Automatic Speaking
The phenomenon of excitation of the vocal chords without
the volition of the conscious self. Today this phenomenon is
called channeling. Speech bursts forth impulsively, whether
the medium is in trance or a more normal waking state. In the
latter case, and in partial trance, the medium may understand
the contents of the communication even if it comes in a language
unknown to him or her. But the retention of consciousness
during automatic speaking is exceptional.
The mediums Horace Leaf and Florence Morse were conscious
during automatic speech, and this consciousness was also
observed by Eugèn Osty with Mme. Fraya and M. de Fleurière.
The curious case William James records in the Proceedings of
the Society for Psychical Research (vol. 12, pp. 277–98), of the
experiences of Mr. ‘‘Le Baron’’ (pseudonym) in 1894 in an
American Spiritualist camp meeting, is especially instructive on
this score. ‘‘Le Baron,’’ who was a journalist, at one of these
meetings ‘‘felt his head drawn back until he was forced flat on
the ground.’’ Then ‘‘the force produced a motor disturbance
of my head and jaws. My mouth made automatic movements,
till in a few seconds I was distinctly conscious of another’s
voice—unearthly, awful, loud, weird—bursting through the
woodland from my own lips, with the despairing words ‘Oh, my
people.’ Mutterings of semi-purposive prophecy followed.’’
James also spoke, as a curious thing, of the generic similarity
of trance utterances in different individuals.
‘‘It seems exactly if one author composed more than half of
the trance messages, no matter by whom they are uttered.
Whether all subconscious selves are peculiarly susceptible to a
certain stratum of the Zeitgeist, and get their inspirations from
it, I know not.’’
Spiritualists, of course, reject James’s observation and cite as
evidence some of the more notable trance utterances and inspirational
oratory, such as The Principles of Nature, Her Divine Revelation’s
and a Voice to Mankind, originally dictated by Andrew
Jackson Davis) in trance in 1845 and 1846. Thomas Lake Harris
produced two long poems in a similar manner Epic of the
Starry Heavens (1854), a poem containing nearly four thousand
lines, and A Lyric of the Morning Land (1856), another impressive
poetic composition of over five thousand words. Both were
dictated in a remarkably short time. David Duguid’s curious
historic romance Hafed, Prince of Persia (1876), and its sequel
Hermes, A Disciple of Jesus (1887), were also taken down from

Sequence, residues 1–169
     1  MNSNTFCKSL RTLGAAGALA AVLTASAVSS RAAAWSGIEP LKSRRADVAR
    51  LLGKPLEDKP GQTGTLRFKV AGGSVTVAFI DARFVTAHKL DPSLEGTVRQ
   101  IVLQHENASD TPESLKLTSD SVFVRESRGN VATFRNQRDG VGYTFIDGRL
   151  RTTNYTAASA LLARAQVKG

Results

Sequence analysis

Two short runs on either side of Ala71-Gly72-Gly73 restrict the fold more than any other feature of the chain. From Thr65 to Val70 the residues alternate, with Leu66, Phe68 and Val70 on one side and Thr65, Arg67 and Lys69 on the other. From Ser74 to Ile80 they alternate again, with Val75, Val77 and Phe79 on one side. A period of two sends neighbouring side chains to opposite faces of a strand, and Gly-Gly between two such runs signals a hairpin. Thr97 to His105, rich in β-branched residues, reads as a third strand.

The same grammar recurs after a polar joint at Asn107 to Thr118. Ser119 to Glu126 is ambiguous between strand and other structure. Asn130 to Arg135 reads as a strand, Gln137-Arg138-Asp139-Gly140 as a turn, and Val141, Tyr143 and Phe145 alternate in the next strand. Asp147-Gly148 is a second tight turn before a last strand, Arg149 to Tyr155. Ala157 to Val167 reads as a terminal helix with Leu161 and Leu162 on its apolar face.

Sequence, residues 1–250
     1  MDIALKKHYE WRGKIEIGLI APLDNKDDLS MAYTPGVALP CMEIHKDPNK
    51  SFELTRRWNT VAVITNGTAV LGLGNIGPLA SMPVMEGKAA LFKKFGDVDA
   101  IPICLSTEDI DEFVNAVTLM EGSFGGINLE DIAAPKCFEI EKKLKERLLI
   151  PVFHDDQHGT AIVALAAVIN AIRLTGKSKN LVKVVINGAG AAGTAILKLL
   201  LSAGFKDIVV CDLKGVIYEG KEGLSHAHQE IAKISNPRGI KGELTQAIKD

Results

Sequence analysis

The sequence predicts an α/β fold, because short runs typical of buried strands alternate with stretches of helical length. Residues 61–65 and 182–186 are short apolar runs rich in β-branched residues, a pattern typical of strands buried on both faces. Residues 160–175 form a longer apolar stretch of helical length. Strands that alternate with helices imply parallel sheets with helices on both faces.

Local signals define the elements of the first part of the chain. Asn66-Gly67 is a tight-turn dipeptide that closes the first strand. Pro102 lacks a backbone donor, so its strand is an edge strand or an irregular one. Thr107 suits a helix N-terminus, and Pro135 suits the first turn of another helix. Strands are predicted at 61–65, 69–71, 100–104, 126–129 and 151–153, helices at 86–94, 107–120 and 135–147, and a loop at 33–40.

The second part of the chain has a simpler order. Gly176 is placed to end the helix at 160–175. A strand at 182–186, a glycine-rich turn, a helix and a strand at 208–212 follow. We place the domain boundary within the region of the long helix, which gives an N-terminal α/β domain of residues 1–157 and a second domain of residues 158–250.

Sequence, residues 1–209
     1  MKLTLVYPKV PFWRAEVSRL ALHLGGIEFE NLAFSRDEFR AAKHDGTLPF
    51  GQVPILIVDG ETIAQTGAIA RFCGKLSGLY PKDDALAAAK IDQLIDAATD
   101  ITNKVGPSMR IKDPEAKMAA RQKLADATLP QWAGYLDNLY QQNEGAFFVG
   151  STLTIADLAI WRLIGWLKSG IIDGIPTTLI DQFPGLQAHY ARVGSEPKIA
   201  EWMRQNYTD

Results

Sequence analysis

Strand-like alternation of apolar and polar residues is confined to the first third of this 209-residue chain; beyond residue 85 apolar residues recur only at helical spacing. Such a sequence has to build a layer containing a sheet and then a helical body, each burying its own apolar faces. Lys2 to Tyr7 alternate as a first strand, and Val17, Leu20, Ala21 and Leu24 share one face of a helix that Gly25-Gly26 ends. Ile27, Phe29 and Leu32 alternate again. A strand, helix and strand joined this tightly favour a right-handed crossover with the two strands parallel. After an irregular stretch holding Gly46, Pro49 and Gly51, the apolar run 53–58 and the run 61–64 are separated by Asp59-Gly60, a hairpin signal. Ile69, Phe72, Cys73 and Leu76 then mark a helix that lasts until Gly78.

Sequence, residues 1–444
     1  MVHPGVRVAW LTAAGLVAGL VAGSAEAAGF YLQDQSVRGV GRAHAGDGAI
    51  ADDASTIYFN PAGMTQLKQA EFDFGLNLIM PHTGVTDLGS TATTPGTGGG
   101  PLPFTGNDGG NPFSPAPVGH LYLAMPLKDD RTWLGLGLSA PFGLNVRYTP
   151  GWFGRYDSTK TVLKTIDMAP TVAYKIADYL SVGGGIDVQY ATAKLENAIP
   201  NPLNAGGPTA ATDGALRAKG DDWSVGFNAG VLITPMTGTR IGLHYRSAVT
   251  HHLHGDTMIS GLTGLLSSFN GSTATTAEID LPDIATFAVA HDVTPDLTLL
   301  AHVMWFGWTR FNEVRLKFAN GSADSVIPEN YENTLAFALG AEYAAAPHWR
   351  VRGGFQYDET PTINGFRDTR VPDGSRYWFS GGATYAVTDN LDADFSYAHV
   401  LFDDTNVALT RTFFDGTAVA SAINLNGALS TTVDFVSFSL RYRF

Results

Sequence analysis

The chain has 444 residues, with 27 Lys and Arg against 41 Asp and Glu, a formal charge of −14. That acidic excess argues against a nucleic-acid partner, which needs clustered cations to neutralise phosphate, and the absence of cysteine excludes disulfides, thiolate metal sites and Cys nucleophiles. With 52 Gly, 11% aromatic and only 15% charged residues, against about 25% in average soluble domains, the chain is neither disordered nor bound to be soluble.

trance dictations.
Interesting Cases of Automatic Speaking
The revelations of Catherine Emmerich, the seeress of
Westphalia, were taken down and published by Clement Brentano
in a work of several volumes. The seeress, who lived at the
beginning of the nineteenth century, told the story of the life
of Jesus day by day as if she had been an eyewitness of it all. Her
account deviated from Roman Catholic teachings at several
points, and Roman Catholic apologist Herbert Thurston attacked
her work by noting the numerous discrepancies in her
visions. He put together a formal critical examination and compared
her visions with those of other more ‘‘orthodox’’ ecstatics.
Telka, ‘‘Patience Worth’’’s poem of sixty to seventy thousand
words in an Anglo-Saxon language, was dictated through
Pearl Curran as rapidly as it could be written down by a secretary,
and the medium was so independent of that which came
through her that she was free to smoke a cigarette, to interrupt
herself by taking part in the conversation of those present, or
go into the next room to answer the telephone. The whole
poem, a masterpiece, took a total of 35 hours.
Medium Florence Morse was not only conscious of her inspirational
delivery but one of her controls, who had a fund of dry
humor, frequently kept her amused by his remarks on some
feature of the proceedings, especially when it was a case of answering
Trance singing is a kindred manifestation to automatic
speaking. Jesse Shepard was the most notable example. In the
case of Mrs. A. M. Gage, a New York soprano singer who lost
her voice through an attack of hemorrhage of the lungs, it was
accompanied by a complete alteration of personality.
One of the most remarkable examples of trance utterance
was that of the British medium Mrs. Louis A. Meurig Morris,
who delivered impressive sermons under the control of the
spirit ‘‘Power.’’ During these addresses, the medium’s soprano
voice changed to a ringing masculine baritone and all her mannerisms
became masculine.
Psychologists who do not accept the claim of spirit utterance
through a medium classify the phenomenon as the creation of
a secondary personality, and there are many interesting cases
on record of individuals who manifested several quite markedly
different personalities. Also related to automatic speaking is
the phenomenon of glossolalia or ‘‘speaking in tongues,’’ as
well as xenoglossis, the speaking of a language without having
studied it.
Thurston, Herbert. Surprising Mystics. London Burns &
Oates, 1955.

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